When it comes to diabetes, there has been stories lately that seem to be missed by many and is becoming an increasingly worry-some fact.  The cost of insulin has been on the rise.  It’s been on the rise for some time.  In a Los Angeles Times article by David Lazarus almost a year ago he quotes Dr. Mayer Davidson, “…..Davidson cited a recent paper in the Journal of the American Medical Assn. showing that prices of both generic and patented insulins have jumped more than 500% since 2001. The cost of a vial of one of the most commonly used fast-acting insulins, Humalog, soared to $234 this year from $35 in 2001, the journal said….” (9/4 2015 LA Times)

What? And who do you think pays this?  Answer, us.

It’s not as if there is a shortage.  The American Diabetes Association states on their webpage; “ All insulin available in the United States is manufactured in a laboratory, but animal insulin can still be imported for personal use.” (Cite: Click Insulin Basics).

Now to me, I take it that there should be a fairly limitless supply as long as the manufacturing equipment has the materials needed.  I’m pretty sure they do. So if there is enough to make what is needed, why the rise in cost?

This rise in insulin cost, to me, is just because a few companies control the substance that keeps people alive.  They can dictate the prices because it’s not as if there are a million brands that would keep the consumer cost to a minimum, so much for consumer choice.  It’s because you have a choice of only a few.  Demand dictates cost.  With over 29 million people with diabetes and millions of those on insulin with only a few choices…….well that equals what we are now facing.  Glut. Greed. Money. Costs escalating.

But when people are prolonging their insulin doses by cutting back on what they feel ‘they absolutely need to have’ due to high costs, as oppose to what the doctor, recommends, and what the patient knows they need; ladies and gentlemen—-this is a real problem.  This could cost lives.

Keep your eyes open on this topic.  When you see advocates asking for actions, act. Join dPac today. If you have diabetes or a loved one with diabetes, this is site you might want to follow as they do an incredible job on ‘acting’ in all fields of diabetes. DPAC was co-founded and is run by patients with diabetes: Bennet Dunlap and Christel Marchand Aprigliano. Joined by other diabetes patient advocates the Diabetes Patient Advocacy Coalition (DPAC) is an alliance of people with diabetes, caregivers, patient advocates, health professionals, disease organizations and companies working collaboratively to promote and support public policy initiatives to improve the health of people with diabetes. DPAC seeks to ensure the safety and quality of medications, devices, and services; and access to care for all 29 million Americans with diabetes.

Insulin is not oil.  It would be a shame if these costs are controlled in a board room.  I fully understand free enterprise….but when a ‘controlled market’ of people are paying too high a cost to JUST stay alive…..someone needs to step in.  People will die.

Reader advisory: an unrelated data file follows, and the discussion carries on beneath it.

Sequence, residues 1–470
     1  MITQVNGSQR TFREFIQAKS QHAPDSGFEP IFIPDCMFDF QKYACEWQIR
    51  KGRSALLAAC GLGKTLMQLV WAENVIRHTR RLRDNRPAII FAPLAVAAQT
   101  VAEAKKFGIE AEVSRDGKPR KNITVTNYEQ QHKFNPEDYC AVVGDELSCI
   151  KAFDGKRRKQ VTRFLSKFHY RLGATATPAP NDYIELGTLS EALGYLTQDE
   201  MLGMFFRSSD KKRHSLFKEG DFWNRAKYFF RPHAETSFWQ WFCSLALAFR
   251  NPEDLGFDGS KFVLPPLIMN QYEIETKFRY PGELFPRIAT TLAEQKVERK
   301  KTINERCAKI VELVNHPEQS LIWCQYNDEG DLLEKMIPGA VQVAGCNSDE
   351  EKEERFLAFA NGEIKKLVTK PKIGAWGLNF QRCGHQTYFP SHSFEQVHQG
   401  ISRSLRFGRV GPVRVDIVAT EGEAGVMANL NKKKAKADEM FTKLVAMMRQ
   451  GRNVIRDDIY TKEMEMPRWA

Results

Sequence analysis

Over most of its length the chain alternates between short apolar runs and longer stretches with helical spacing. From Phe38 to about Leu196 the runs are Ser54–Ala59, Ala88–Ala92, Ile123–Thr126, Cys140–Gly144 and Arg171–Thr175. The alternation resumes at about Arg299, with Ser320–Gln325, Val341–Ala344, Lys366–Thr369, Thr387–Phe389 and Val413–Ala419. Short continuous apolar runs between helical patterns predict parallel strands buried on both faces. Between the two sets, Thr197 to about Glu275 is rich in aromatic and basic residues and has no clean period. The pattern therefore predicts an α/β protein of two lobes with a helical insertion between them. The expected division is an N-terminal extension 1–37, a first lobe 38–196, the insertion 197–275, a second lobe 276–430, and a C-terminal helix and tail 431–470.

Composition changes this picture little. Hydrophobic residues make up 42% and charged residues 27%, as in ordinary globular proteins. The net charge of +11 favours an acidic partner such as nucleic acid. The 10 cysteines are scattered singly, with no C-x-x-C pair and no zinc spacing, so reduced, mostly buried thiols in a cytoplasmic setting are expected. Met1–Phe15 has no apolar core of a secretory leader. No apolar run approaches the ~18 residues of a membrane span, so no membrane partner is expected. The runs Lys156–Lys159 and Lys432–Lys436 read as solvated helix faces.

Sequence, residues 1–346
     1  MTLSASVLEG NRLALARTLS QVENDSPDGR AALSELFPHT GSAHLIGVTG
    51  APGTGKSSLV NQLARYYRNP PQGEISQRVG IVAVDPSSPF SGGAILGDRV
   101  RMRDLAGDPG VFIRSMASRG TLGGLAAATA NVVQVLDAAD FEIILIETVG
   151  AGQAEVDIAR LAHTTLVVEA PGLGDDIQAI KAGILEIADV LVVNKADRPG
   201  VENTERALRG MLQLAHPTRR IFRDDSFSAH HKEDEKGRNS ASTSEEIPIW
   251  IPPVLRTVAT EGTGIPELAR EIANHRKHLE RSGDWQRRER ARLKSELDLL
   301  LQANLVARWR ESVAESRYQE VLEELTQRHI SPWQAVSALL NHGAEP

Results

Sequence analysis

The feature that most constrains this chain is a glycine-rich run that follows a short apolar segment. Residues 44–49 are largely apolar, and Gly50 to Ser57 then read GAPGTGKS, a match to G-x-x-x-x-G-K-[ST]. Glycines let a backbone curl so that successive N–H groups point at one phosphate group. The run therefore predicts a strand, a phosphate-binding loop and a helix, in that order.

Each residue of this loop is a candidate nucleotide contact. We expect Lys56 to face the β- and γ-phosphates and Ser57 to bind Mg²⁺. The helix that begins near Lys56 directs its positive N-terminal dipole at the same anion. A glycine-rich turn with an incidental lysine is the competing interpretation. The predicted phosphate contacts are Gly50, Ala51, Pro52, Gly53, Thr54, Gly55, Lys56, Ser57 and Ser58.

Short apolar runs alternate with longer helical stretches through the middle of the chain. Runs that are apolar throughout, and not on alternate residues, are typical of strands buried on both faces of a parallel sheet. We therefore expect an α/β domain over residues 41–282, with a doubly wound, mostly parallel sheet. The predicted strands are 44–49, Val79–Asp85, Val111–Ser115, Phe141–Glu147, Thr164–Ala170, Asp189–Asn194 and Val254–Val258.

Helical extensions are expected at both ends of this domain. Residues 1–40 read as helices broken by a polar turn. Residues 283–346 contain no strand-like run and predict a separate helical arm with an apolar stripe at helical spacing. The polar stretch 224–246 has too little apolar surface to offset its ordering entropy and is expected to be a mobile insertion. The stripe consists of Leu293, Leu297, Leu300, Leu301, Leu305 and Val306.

I am a diabetes dad.
Please visit my Diabetes Dad FB Page and hit ‘like’.


YOUR LAST CHANCE IS TODAY—-Do You REALLY Care About Those who Died?????

voice mattersOkay, I admit that the title was a bit much…..but so many who should be involved in this have yet to do so.  AND THIS IS SO IMPORTANT. Remember your anger reading about the so many who have died, or became seriously ill, because their diagnosis of T1D was missed?  Kycie, Little Reegan, and so many more…..remember?  How angry are you?  Angry enough to do something?

For the first time, there is an attempt to capture as much information and data as possible regarding this issue and YOU CAN HELP.  This is YOUR LAST CHANCE to be part of history because tomorrow……the survey is done.  Today is the last full day.

Because of the requirements of his survey….you must become a member of Glu. It is a great site asking great questions all the time… can choose to be part for as much or as little as you want; and for as long as you want, but to give this survey credibility, it is required by the ones who gave it an IRB Approval. (Institutional Review Board).

Go to  I purposely do not have a direct link from here to their site because if there is a link through ‘my cookies of my computer’ the survey will not be available because I took it already.

Once a member, go to the right side and click ‘My Diagnosis Story” and take the survey. It is there that you can share your story.  We REALLY NEED as many parents as possible so please consider it.

The name I gave this movement years ago was a Child’s Cry for Change…..please help those voices be heard……take the survey today.  Be counted.  Thank you.
I am a diabetes dad.
Please visit my Diabetes Dad FB Page and hit ‘like’.

Hey, Moms of Kids with Diabetes—Olympic Moms have nothing Over You…..Take a Bow.